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Review: Rosencrantz and Guildenstern are Dead at The Old Vic


50 years ago, Tom Stoppard became an overnight sensation when Rosencrantz and Guildenstern Are Dead first premiered. The Old Vic plunges straight into its 2017 season with a welcome return to this absurdist play focusing on the two minor characters from Shakespeare’s Hamlet who meet their untimely doom over the course of the play.

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One of the biggest draws to this production of course, is its star billing. Featuring Daniel Radcliffe of Harry Potter fame as Rosencrantz, alongside Joshua McGuire as Guildenstern and David Haig as The Player, this absurdist play spirals in and out of the Hamlet narrative, throwing out existentialist questions and issues of fate and inevitability. In a kind of backstage play, Stoppard writes the narrative around the events of Hamlet, imagining what Rosencrantz and Guildenstern might have been doing offstage, using contemporary language and absurdist humour to fill in the blanks, digging deep into their characters and elevating them to the position of tragic heroes doomed by fate from the very beginning.

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Although Radcliffe brings the star power, and excels at precision comic timing, Radcliffe fangirls might have walked away from the theatre with additional stars in their eyes. It is Joshua McGuire as the more serious and logical Guildenstern that brings in the emotional edge and given a much more complex character, constantly questioning the situations the odd couple find themselves in and trying his darndest to escape the clutches of fate, as Radcliffe as Rosencrantz, a simpleton, only looks on bemused, repeating after Guildenstern and attempting to cheer him up. McGuire delivers the role in all seriousness, and there’s an incredible amount of sympathy developed for the character, making their inescapable deaths all the more painful. Daniel Haig, in playing a man leading the motley crew of players/prostitutes that performed the play-within-the-play in Hamlet, also receives an increased role in the play, eccentric and utterly dedicated to his craft and musing on the nature of performance. Being the most outrageous one of the lot, the rest of the campy troupe (particularly Matthew Durkan as the long suffering Alfred) created multiple opportunities for humour, often while Rosencrantz and Guildenstern looked on in disbelief.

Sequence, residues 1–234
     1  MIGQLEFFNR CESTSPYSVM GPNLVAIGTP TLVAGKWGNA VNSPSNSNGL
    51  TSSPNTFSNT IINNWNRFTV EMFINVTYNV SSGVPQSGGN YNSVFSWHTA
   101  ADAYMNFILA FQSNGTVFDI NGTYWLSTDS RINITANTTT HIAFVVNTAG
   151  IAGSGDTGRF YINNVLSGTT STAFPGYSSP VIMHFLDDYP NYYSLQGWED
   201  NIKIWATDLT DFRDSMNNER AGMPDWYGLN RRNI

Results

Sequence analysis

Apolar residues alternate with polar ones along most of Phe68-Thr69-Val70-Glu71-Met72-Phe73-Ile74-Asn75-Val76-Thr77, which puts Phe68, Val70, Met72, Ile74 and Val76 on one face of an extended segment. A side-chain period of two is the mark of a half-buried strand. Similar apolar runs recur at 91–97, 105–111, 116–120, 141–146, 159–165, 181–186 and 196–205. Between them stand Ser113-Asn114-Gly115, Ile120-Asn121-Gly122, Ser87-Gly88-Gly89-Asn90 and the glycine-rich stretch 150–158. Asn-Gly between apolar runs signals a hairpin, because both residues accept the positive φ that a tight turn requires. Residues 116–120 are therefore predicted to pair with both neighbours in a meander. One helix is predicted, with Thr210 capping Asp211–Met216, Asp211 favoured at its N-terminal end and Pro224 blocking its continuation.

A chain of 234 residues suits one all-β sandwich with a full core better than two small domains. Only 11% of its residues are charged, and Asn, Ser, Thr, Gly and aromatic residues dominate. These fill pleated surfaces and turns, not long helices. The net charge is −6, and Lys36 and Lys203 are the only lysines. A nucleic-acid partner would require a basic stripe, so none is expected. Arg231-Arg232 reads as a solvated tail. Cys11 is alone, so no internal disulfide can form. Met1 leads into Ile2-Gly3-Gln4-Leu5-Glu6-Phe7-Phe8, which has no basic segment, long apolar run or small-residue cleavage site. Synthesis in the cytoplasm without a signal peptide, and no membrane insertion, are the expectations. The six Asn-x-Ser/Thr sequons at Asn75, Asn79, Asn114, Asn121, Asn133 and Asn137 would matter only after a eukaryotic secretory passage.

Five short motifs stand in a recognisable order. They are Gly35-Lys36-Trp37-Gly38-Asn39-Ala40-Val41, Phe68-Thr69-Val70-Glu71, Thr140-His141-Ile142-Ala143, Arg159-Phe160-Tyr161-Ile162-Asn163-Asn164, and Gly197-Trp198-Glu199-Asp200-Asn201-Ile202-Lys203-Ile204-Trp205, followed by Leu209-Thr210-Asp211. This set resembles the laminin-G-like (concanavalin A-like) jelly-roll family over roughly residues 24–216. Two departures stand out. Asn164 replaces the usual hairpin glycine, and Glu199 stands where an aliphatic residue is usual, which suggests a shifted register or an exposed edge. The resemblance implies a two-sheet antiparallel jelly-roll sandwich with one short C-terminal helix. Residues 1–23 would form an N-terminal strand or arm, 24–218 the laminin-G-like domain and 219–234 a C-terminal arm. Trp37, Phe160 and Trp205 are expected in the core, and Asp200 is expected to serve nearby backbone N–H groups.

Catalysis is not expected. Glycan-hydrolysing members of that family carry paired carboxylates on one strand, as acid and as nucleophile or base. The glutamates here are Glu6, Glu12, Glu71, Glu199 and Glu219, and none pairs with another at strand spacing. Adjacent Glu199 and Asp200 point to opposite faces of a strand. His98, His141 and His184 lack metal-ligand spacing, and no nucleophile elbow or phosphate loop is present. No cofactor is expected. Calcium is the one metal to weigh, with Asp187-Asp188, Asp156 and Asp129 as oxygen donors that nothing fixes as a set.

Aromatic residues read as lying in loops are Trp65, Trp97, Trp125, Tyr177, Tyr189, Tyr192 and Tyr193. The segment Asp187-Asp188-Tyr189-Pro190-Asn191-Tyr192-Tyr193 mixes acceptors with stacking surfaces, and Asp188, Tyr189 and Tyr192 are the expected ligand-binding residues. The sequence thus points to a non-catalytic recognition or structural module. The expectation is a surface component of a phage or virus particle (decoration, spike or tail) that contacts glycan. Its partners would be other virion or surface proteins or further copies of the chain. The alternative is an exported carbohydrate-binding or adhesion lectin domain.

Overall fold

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By setting the play’s events within the timeline of the Hamlet play, Stoppard creates a kind of locked room drama, where both Rosencrantz and Guildenstern are trapped by the play’s narrative forces, unable to leave the space unless compelled to do so by way of plot. Things are weird from the very beginning, with Guildenstern constantly flipping a coin on heads for over 80 flips in a row, despite the probability that it ought to be 50-50, suggesting that the laws of logic have begun to unravel in this space. Anna Fleischle’s set design is minimal, but helps emphasise the abstract nature of the space R&G find themselves in, with a large curtain being almost all that’s necessary to obscure paths ahead and create an increased sense of depth when characters emerge from behind it. The swirling, marbled patterns of the walls and floor create a sense of unease; a storm’s on the horizon, and the path ahead murky and treacherous for our two unlikely heroes.

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As Rosencrantz and Guildenstern while away the time and engage in wordplay and verbal jousting, the rest of the Hamlet cast make brief appearances, with Helena Wilson as mad Ophelia, William Chubb as the kooky Polonius, Wil Johnson and Marianne Oldham as Claudius and Gertrude, and of course, Luke Mullins as the black prince himself, Hamlet, who seals R&G’s fate with a switcheroo. Audience members who’re familiar with the original play would probably appreciate this more, although it still works independent of prior knowledge of the play.

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For an absurdist play, Rosencrantz and Guildenstern Are Dead is incredibly accessible, the humour light and easy to laugh at, and the tragedy of impending doom and an inability to alter fate heartbreaking as McGuire and Radcliffe endear themselves to us over the course of the play, flawed as they are but utterly victims of circumstance. Stoppard elevates the two from Tweedledum and Tweedledee to tragic heroes, and David Leveaux’s capable direction steers our attention in all the right ways, clearly bringing out the existential ideas Stoppard’s script raises while also remaining wildly entertaining. Anyone who’s ever had a brush with Hamlet can and should watch this play, for the incredible performance and timeless script, properly highlighting Stoppard’s genius and skill.

Rosencrantz and Guildenstern Are Dead plays at The Old Vic, London from 25 February to 29 April 2017. Tickets available here

Photo Credit: Manuel Harlan

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